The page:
The cephalad two cervical vertebrae and the associated ligaments are regarded as part of the craniovertebral complex and have distinctive anatomical and biomechanical properties5,6,13,20,32,34. In children, approximately 70 per cent of all osseous injuries to the cervical spine occur between the first and third cervical vertebrae16. The factors that contribute to these injuries include ligamentous laxity, poorly developed cervical muscles, incompletely developed vertebrae that are wedge-shaped, horizontally oriented facet joints, and a relatively large head14,26.
The biomechanics of the occipito-atlanto-axial area are complex. Approximately 55 per cent of the entire rotation of the cervical spine takes place at the atlanto-axial joint5, axial rotation is coupled with lateral bending to the opposite side23, and the alar and capsular (first and second cervical) ligaments play important roles in limiting both movements under normal conditions. If excessive axial torque (as occurs during trauma, for example) is applied to this joint complex and the resultant angular rotation exceeds 63 degrees3,13,21, then there may be rupture of the alar and capsular ligaments and dislocation of the first and second cervical facet joint13. As a result of the dislocation, the diameter of the spinal canal may be reduced to ten millimeters or less, causing compression of the spinal cord3,21. Nevertheless, injury to the spinal cord in survivors is rare2,14,32. The main long-term problems arise from loss of mobility and tilting of the head or torticollis, which can result in facial asymmetry3,10.
Early recognition of atlanto-axial rotatory dislocation and rotatory subluxation is essential in order for closed reduction to be successful10. An attempt at closed reduction was delayed by months and was not effective in either of our patients. Closed reduction for both atlanto-axial rotatory dislocation and atlanto-axial rotatory subluxation is successful only when the problem has been diagnosed and treated immediately after the traumatic event, and only then will posture and mobility of the head9,17 return to normal.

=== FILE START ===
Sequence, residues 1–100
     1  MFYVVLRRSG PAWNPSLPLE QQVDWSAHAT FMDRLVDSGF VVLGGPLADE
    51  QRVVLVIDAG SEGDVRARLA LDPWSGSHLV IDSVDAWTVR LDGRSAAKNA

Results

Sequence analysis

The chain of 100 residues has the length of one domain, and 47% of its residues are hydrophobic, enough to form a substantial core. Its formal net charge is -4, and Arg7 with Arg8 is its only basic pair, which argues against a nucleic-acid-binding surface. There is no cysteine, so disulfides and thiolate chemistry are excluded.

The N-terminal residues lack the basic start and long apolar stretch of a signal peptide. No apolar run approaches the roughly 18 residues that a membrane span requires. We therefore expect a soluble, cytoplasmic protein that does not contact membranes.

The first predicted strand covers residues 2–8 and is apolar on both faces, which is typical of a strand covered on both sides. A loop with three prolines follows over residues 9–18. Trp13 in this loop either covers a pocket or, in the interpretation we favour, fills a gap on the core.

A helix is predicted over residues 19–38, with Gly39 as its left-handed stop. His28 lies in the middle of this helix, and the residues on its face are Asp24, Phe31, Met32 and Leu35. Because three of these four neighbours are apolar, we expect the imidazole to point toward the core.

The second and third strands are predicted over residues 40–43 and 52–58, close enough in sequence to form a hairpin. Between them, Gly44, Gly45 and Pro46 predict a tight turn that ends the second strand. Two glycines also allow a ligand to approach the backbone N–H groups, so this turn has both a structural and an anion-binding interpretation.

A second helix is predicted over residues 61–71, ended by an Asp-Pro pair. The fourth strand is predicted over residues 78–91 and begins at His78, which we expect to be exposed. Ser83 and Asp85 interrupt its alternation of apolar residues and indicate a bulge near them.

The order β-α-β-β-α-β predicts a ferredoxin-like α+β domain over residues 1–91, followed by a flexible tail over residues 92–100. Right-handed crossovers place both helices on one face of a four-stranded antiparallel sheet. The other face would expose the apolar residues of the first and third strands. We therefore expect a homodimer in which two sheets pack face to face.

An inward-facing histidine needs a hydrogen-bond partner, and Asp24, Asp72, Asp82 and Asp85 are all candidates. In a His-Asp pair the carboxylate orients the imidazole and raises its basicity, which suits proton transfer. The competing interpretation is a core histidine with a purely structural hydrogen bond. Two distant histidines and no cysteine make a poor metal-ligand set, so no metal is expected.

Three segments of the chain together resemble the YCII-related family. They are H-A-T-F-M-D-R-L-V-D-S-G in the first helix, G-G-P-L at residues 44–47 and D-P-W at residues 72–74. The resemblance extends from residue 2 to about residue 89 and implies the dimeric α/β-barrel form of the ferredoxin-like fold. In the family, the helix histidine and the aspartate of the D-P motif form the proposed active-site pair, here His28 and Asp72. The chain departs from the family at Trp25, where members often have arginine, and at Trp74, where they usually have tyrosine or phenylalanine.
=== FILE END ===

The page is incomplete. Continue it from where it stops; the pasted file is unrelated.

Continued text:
To our knowledge, no report in the literature has described the pathological anatomy at the atlanto-axial joint in either chronic atlanto-axial rotatory dislocation or rotatory subluxation. A number of hypotheses concerning the mechanism of fixation have been made over the years; they include damage to the synovial membrane3 and rupture of the transverse ligament of the atlas11. In our two patients, abundant fibrous tissue and a segment of the transverse ligament of the atlas were found between the joint surfaces of the lateral masses of the first and second cervical vertebrae, and there was cross union of the atlas and axis; these findings have not been previously described, to our knowledge. In addition, the capsular ligaments on the side of the dislocation were completely disrupted in both patients.
Important lessons are to be learned from our experience. As with other injuries or fractures of a joint, failure of early closed reduction probably indicates that either soft tissue or a fragment of bone is interposed between the joint surfaces1. Irreducible rotatory injuries at the first and second cervical joint should not be treated differently from other dislocations. If early reduction is impossible, prolonged traction is not the answer. If computed tomography or magnetic resonance imaging suggests that there is tissue in the joint, this is more evidence that open reduction is probably necessary. We suggest that, if closed manipulation fails, early open exploration of the joint allows the best chance of reduction and maintenance of normal posture and mobility. When radiographic investigations indicate the likelihood of cross union of the atlas and axis and the decision is made to attempt to correct the deformity, posterior arthrodesis alone is not effective. Even with extensive bilateral mobilization of the atlanto-axial joints, relocation may be extremely difficult. The use of an osteotome to divide the base of the odontoid process or to open the atlanto-axial joints can potentially cause cross union of the atlas and axis or fusion of the atlanto-axial joints. Although we accept this as a potential problem, our justification of the procedure is that the head is placed in the correct anatomical alignment, which prevents the development of facial asymmetry.
*No benefits in any form have been received or will be received from a commercial party related directly or indirectly to the subject of this article. No funds were received in support of this study.
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